ME Action – Where to Find Help


Unlike other chronic illnesses, ME has no universally approved cure and no cure for ME. Rather, treatment focuses on relieving symptoms. Though ME treatments may be effective for some patients, other people may be sensitive to them. Health care providers can help ME patients apply for disability benefits, obtain assistive devices, and arrange for accommodations. Learn more about ME and treatment options. Listed below are some tips for finding help. But remember, the most important thing to do is get your ME diagnosed and treated by a medical professional.

Although there is no universally accepted diagnosis of ME, doctors are increasingly accepting of it as a disabling condition. In the UK, the National Institutes of Health have even awarded three collaborative research centers to speed the development of a cure for ME. Two of these centers are located in New York State, at Cornell University and Columbia University. The following organizations provide support and medical providers specializing in treating ME. For those in need of support, the #MEAction international network may be the best place to begin.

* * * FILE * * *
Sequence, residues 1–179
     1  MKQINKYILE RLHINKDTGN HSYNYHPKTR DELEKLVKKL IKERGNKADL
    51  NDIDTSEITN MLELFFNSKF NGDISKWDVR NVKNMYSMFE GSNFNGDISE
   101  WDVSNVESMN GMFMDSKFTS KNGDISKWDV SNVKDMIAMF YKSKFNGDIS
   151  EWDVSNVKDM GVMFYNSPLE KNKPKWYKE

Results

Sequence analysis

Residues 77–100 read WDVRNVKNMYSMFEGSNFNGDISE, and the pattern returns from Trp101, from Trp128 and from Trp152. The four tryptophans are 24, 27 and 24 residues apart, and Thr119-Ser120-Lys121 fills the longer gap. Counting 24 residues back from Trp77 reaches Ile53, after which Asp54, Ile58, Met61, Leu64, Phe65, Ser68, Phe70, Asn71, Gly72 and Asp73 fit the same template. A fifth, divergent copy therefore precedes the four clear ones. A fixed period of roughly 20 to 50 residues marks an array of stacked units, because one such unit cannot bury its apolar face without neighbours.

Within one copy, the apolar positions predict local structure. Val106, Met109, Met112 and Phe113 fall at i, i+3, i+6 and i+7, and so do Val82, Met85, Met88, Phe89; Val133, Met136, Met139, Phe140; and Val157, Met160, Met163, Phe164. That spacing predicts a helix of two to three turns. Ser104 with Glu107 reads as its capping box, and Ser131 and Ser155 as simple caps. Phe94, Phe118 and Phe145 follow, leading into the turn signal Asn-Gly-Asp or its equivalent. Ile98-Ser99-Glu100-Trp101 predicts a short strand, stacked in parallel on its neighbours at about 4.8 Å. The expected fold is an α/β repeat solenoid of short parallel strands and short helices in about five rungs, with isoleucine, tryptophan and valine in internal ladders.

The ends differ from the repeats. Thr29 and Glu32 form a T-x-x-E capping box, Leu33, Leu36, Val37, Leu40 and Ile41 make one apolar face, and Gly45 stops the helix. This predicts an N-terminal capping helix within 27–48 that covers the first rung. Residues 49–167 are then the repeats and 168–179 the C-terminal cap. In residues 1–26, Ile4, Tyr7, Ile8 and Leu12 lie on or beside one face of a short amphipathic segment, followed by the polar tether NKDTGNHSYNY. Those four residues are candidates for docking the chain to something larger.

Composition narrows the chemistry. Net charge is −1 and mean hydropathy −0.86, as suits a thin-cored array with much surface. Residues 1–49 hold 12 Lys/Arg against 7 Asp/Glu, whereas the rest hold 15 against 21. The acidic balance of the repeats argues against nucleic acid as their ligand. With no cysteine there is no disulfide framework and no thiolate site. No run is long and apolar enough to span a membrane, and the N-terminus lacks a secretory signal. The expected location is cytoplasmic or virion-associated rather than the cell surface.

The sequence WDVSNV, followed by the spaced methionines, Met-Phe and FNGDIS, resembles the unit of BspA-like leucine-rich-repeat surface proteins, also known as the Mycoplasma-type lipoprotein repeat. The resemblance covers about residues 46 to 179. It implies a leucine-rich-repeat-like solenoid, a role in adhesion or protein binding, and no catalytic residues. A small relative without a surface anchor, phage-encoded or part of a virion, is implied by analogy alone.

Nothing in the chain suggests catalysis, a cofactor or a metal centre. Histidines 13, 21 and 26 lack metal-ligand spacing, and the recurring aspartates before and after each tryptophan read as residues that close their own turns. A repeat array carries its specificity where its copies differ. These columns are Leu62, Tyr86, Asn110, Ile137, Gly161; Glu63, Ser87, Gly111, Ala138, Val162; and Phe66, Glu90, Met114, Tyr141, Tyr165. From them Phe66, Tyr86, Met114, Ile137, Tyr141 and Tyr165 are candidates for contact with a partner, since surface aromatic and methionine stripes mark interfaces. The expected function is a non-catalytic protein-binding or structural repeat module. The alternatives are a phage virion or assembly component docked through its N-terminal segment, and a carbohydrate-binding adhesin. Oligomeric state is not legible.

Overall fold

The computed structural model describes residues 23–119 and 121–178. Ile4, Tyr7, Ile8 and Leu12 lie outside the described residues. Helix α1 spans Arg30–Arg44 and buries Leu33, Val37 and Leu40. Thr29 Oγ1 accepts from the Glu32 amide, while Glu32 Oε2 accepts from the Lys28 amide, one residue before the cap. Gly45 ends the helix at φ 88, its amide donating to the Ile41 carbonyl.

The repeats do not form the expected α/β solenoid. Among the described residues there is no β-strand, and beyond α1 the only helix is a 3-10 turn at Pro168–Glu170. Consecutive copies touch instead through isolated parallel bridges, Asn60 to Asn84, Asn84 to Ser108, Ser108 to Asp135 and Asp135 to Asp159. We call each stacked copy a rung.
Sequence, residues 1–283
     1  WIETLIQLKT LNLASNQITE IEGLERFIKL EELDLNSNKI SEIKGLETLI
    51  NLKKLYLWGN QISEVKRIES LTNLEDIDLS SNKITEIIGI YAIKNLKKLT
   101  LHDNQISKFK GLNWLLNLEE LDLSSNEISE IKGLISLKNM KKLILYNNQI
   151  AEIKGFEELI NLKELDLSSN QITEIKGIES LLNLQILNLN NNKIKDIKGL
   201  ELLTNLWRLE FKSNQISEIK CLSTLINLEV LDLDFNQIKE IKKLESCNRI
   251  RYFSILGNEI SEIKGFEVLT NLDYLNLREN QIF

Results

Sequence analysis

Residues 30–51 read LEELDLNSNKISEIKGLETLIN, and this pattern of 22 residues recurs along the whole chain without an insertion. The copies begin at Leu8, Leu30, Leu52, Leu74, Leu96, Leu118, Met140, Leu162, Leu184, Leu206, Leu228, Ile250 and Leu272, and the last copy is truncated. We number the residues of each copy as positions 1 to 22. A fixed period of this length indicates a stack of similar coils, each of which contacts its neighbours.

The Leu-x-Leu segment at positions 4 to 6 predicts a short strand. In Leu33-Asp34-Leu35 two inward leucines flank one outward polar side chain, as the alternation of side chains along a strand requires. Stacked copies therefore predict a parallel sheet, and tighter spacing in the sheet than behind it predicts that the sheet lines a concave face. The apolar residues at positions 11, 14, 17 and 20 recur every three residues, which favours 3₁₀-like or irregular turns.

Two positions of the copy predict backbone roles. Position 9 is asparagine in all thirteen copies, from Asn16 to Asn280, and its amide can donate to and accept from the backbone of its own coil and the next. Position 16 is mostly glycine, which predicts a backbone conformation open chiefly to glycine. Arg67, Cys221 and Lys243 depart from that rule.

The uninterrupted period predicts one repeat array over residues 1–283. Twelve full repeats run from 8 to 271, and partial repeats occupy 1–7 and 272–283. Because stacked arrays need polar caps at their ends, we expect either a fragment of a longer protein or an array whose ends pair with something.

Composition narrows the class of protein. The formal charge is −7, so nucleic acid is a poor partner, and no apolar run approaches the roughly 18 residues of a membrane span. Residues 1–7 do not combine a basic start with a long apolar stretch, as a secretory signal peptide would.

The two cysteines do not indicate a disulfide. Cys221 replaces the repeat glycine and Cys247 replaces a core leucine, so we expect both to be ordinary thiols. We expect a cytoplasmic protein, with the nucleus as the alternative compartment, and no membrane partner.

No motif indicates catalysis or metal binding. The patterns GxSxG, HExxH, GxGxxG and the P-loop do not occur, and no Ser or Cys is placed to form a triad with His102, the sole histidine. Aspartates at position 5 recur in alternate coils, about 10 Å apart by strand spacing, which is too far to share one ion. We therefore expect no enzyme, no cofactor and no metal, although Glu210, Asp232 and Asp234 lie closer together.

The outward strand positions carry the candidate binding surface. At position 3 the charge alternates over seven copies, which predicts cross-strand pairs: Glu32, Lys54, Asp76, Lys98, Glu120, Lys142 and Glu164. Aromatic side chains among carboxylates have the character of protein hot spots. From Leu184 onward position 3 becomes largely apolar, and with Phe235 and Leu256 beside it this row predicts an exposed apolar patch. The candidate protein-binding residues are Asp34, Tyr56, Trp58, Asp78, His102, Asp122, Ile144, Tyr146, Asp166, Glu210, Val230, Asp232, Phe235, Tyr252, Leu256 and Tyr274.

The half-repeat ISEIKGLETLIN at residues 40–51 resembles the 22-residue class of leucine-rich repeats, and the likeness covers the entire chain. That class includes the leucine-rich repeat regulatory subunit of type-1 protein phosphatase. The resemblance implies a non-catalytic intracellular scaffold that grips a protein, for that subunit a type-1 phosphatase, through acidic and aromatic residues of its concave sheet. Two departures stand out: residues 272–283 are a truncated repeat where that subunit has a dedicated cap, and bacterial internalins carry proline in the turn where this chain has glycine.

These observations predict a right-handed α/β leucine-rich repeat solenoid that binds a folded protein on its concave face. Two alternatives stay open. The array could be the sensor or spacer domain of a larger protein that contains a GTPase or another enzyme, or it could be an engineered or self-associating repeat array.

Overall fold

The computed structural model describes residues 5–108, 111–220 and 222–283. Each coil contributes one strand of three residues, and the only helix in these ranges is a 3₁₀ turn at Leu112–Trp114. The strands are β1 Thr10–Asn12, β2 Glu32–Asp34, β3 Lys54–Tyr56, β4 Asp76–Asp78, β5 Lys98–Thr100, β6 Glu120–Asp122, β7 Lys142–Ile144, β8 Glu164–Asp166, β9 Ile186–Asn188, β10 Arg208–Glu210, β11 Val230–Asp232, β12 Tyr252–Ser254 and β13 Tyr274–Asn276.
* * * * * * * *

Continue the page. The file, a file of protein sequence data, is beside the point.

Diagnosing ME/CFS requires a medical professional with experience and a comprehensive understanding of the disease. The symptoms of ME/CFS are very distinct from other chronic conditions. When the symptoms do not occur at least 50% of the time, the diagnosis should be questioned. Most patients are diagnosed with the disorder using the NICE guideline. The diagnosis is made on the basis of the patient’s medical history and patterns of symptoms. The doctor must rule out other medical conditions and treatments that could be causing the symptoms. The condition cannot be caused by excessive exertion and it is not relieved by rest.

Although no one knows for sure how much it costs the NHS to treat ME/CFS, there is a lot of research on the disease. For example, a report published by the US Institute of Medicine suggests that the new name for ME/CFS should be changed to “ME/CFS.”

Although a cure for ME/CFS is still far off, the underlying cause of the illness is unknown. However, some factors can trigger the condition. Many doctors use clinical judgment when determining the diagnosis of ME/CFS. The 2003 Canadian clinical criteria, created by a multidisciplinary team of doctors, emphasize the importance of neuroimmune dysfunction. The resulting cure for ME/CFS should lead to the identification of the underlying cause and a treatment that will improve patients’ lives.